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Moise and Victoria Rondeau and their family. This photo was taken at their 60th wedding anniversary during the summer of 1937 at their home on Potter Place in North Adams, Mass. They were born in 1858 in Quebec, married in upstate New York near the Canadian border at about age 18, and moved to North Adams in 1898. My grandfather, Ernest X. Rondeau, born in North Adams in 1906, is in the back on the left. (Rondeau family collection)




MARK E. RONDEAU, Staff Writer
Friday, March 13
BENNINGTON — "The Innocent Victim" is a novella that describes the lives of French Canadian immigrants to the United States at the time of the Civil War and rapid industrialization.

Written by Adélard Lambert and originally published in French, "L'Innocente Victime" ran as a serial in 1936 in the Ottawa newspaper, LeDroit. Lambert, a largely self-educated folklorist and collector of Franco-American cultural items, including books and folksongs, grew up and lived for extended periods in both Quebec and the U.S., including about 30 years in Manchester, N.H.

Images from the Past, a Bennington book publisher, recently issued a new edition of "The Innocent Victim," translated with supporting notes and appendices by Margaret S. Langford, professor of French and Franco-American studies at Keene State College.

"'Innocent Victim' is an engaging, quick read at a bargain price that will open eyes and minds to the  Franco-American story in New England, based on current scholarship," said publisher Tordis Ilg Isselhardt.

Langford will speak in Bennington on Sunday, March 15, at 10 a.m. at the Unitarian Universalist Meetinghouse on School Street. Her topic will be "Community and Spirituality: The Saga of Franco-American emigration in Adélard Lambert's 'The Innocent Victim.' " Copies of the book will be available.

One historian cited in the book estimates that between 1840 and 1930 some 900,000 French Canadians immigrated to the United States. Langford said that poverty was the overwhelming reason for this migration, except in the case of professionals such as doctors and lawyers, who also immigrated from Quebec to serve the Franco-American community.

The novella tells the story of Jean and Marie Legendre, a young couple with a baby daughter living on a farm in Quebec. Though their life is not filled with hardship, Jean, along with several men from his village, is recruited to make extra money logging in Vermont.

The promise of work is a ruse, however, and the men, who cannot read or write, are tricked into enlisting in the Union Army to fight in the Civil War. Langford said that a minimum of 20,000 French Canadians served in the Union Army. And there is ample documentation that a significant number of these men were tricked into enlisting, something that also happened to Irish immigrants.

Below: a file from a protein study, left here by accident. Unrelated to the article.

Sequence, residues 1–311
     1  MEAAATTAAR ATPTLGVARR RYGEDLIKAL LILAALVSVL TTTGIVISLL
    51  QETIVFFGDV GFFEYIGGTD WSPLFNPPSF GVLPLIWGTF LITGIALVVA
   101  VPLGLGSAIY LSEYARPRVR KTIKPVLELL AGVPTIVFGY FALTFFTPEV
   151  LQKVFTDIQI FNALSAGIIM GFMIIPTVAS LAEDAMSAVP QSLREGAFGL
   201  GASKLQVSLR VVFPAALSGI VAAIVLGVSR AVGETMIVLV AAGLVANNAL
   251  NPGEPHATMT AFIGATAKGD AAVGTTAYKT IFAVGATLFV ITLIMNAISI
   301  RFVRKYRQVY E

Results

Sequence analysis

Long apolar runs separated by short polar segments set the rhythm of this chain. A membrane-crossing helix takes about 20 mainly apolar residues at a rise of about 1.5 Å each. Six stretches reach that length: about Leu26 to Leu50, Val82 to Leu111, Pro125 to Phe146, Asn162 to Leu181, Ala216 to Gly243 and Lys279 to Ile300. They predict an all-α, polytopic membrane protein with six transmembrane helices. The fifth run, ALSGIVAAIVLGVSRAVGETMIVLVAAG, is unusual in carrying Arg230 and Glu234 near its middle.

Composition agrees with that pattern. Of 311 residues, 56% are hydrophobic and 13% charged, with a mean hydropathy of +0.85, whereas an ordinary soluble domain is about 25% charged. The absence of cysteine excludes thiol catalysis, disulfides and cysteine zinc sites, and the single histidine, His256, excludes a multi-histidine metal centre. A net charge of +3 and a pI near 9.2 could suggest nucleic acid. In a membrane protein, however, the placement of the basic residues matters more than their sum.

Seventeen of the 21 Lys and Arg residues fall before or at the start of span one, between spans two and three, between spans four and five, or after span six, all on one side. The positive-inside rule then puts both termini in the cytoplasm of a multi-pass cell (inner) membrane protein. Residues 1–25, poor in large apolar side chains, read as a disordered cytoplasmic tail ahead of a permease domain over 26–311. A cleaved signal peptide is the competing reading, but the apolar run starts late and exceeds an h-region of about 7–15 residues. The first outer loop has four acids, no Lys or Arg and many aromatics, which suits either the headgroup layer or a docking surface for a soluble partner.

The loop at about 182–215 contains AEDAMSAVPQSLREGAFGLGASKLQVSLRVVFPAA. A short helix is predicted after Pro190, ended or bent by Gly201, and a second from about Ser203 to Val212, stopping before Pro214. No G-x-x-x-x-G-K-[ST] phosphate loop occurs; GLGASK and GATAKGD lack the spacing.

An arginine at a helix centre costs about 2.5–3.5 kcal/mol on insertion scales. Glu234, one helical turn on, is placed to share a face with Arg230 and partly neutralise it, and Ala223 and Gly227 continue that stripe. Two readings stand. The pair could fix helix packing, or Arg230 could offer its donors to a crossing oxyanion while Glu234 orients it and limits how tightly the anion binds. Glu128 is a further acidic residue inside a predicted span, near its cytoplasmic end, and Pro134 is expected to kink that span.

Jean Legendre receives a head wound in a Civil War battle and suffers from amnesia. When he does not return home, Marie, who has learned that Jean served in the war, tries searching for him, unaware that his name has been anglicized to John Lawson.

Plot twists

Marie eventually moves with her young daughter to Lowell, Mass., and the melodramatic plot takes more harrowing twists and turns from there. In developing his story, Lambert drew on the discovery in 1899 of a young woman's remains buried in a dirt cellar in Manchester, N.H.

Lambert brings a definite moral vision to his novella. He emphasizes the importance of Franco-America dedication to family, faith and community. Preserving the French language is also important. For example, in describing the English names given the tricked men, Lambert writes that their "beautiful French names" had been translated into "the most ridiculous English equivalents."

Another theme of the book is the trouble that the Franco-Americans find when they move beyond seeking sufficient money to live and covet more than they need.

Lambert moved with his family back to Quebec in 1921, where he remained for the rest of his life. One historian of Franco-American culture calls "The Innocent Victim" a "social novel with an axe to grind." (Lambert) "called for a return to the ancestral land to revel in the quiet simplicity of its present and the glory of its past."

The tragedy that befalls the Legrende family when Jean comes to the U.S. to make more money is cautionary. As Jean says back on his farm in Quebec at the end of the story, "My dear grandchildren, it's here at home in our own country that we must stay."

In 2002, Images from the Past published another translation by Langford. This was of "Un Revenant" or "One Came Back," a Franco-American Civil War novel by Remi Tremblay, a French Canadian veteran of the Civil War.

Langford's talk on Sunday will be part of the Unitarians' Sunday service. After her talk ends, around 11 a.m., there will be tea, coffee and snacks. "The Innocent Victim is 140 pages and costs $15.95.


Book Reviews

Mark Rondeau - Writer, Editor, Photographer


The cover of the book.